Coleridge and Zen? (This is quite fascinating, opinionated in a way that is pure Rexroth. It reminded me that my two favorite poems of Coleridge's are Frost at Midnight" and "This Lime-Tree Bower, My Prison." I agree that the Baudelaire quote at the end has a Zen-like quality, but I have always felt there was something unhealthy, even creepy, about Baudelaire. Give me a common drunk like Verlaine any day.)

The Victorian Conspiracy of Cant.

New-time religion ...

... Secular Fundamentalists. (Hat tip, Dave Lull.)

God bless them, everyone, I say.

Amen ...

... Why write?

Yo ho ho ...

... and a bottle o' rum: `The Doxology for a Wind-Up'.

I've had a bit more experience of the sea than Patrick has had, but I still prefer the mountains and forests.

Roman wilderness ...

... Maxine reviews The Reincarnationist: Past lives and present dangers.

Monday, November 19, 2007

All of him ...

... Wanted: The complete Eliot. (Hat tip, Dave Lull.)

In case you wondered ...

... How War and Peace works. (Hat tip, Dave Lull.)

For some reason this brings to mind the professor mentioned in The Pooh Perplex whose next work was to be titled All Previous Thought.

Sunday, November 18, 2007

What a life ...

... Paul Roche.

We link ...

... you decide: World Samina Malik Day December 6th.

I doubt if I'll do anything to honor the day myself. The poem does not strike me as being much of a poem, and I don't know if it was meant to be propaganda or just another bit of so-called transgressive art. I am not terribly sympathetic to those who seem more concerned with the civil rights of people like Malik as opposed to the civil rights of those who might become victims of terrorism. But I do believe in getting out information and letting people make up their own minds. I would note that the principal reason Wilfrid Owen could make poetry out of killing is that he had witnessed it, experienced it, didn't just think about it and conclude that, because he was so sensitive and poetic and all that, that he could write about it as if he had experienced it. Experience trumps all theories and all mere gestures.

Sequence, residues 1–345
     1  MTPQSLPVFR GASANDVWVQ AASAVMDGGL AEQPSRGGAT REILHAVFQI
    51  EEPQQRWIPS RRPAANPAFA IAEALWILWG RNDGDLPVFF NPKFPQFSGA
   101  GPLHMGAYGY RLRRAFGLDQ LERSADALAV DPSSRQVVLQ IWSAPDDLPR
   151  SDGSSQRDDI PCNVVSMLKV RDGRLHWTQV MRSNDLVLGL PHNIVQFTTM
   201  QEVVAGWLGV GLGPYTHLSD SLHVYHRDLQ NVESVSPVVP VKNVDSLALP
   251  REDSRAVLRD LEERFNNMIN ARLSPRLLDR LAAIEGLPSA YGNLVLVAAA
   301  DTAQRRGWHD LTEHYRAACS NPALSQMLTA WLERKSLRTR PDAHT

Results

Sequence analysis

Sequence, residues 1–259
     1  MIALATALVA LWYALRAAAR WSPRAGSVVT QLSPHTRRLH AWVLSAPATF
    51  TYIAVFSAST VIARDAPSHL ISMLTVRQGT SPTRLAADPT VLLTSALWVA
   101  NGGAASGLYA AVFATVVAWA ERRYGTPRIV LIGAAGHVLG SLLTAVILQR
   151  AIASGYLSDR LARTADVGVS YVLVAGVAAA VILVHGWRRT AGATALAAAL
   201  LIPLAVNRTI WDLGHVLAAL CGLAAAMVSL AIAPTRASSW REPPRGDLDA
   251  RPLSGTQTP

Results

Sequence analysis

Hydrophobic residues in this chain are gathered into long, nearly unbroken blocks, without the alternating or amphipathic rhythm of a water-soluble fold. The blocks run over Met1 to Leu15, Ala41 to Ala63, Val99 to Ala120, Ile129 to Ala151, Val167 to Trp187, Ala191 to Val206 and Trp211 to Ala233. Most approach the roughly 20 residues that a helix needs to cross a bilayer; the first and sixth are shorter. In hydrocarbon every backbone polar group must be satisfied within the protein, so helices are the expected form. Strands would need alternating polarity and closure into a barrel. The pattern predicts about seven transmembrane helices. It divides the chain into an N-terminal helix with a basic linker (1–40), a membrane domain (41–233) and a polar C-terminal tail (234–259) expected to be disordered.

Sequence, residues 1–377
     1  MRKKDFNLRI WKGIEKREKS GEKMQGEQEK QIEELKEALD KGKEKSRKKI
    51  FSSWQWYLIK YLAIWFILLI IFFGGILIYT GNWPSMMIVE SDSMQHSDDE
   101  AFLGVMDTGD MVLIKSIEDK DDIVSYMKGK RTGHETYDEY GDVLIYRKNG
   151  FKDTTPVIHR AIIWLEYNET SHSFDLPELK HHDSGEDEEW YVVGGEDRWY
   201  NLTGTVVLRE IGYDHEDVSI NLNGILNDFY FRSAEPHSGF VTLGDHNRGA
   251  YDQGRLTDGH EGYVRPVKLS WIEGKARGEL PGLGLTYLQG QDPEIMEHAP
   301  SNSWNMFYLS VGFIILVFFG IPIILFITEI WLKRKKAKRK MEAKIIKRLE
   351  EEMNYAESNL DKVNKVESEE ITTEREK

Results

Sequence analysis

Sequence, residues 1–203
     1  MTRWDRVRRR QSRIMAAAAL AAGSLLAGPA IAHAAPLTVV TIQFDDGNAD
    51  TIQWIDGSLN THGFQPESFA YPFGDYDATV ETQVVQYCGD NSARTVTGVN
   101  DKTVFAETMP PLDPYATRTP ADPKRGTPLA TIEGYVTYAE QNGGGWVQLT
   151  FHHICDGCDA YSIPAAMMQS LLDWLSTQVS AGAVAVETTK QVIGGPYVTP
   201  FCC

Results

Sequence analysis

Admitting error ...

... Nassim Nicholas Taleb does just that: 80- My First Blunder in The Black Swan & why I am ashamed. I think The Black Swan was the most important book published this year.

Not news, I guess ...

... big chill in Chile.

A reminder ...

... Sunday Salon: Black Tide.

Busy, busy ...

... Bryan Appleyard on Defining Britain and Brick Lane.

The wages of censorship ...

... Ban on Nobel laureate's book spurs interest in Iran. I'm no fan of Garcia Marquez - I found One Hundred Years of Solitude mostly long and boring - but I'm even less of a fan of book-banning. (Hat tip, Scott Stein.)

Today's Inquirer book page ...

... from Percival Everett to Steve Erickson to Terry Pratchett - and much more!

Saturday, November 17, 2007

But this is a must ...

... Anne Fadiman on Civilization. Click on the link to the Jacques Barzun Centennial at the bottom. And also check out Katherine Kolb. Actually, just visit Leo Wong's Barzun 100. That will give you plenty for the day. Later.

Saturday blogging ...

... will be light and spotty. Taking yesterday mostly off and watching Into Great Silence have together convinced me that getting the pacing right is essential to good blogging, even if you're only linking and running, as I usually do.

Thirteen days ...

... after today, are left in November. (Hat tip, Dave Lull.)

The allure of calmness ...

...
I have adapted the title of this post from my colleague Steven Rea's review of the film Into Great Silence - a documentary about the monastery of la grande Chartreuse - which I finally got around to watching last night. I was reminded while watching it of something Pascal wrote, that "the sum of a man's problems come from his inability to be alone in a silent room." Philip Gröning's film demonstrates what it depicts: There is no voice-over explaining things; the viewer is simply drawn in to the monks' austere and largely silent world. Its tempo is the same as the monks'. One thing I noticed was how deliberately they seemed to perform their tasks. They did not seem preocupied with getting them done, but were content with doing them. Of course, doing things that way would enable one to turn whatever one does into a prayer, since it would be the doing, not the getting done that counted, and everything, in its every detail, would prove worthwhile. The deliberate pace and quietness of the film are at first unsettling. It is a film about act, not action. Gröning has created something rare, if not unique: a contemplative movie.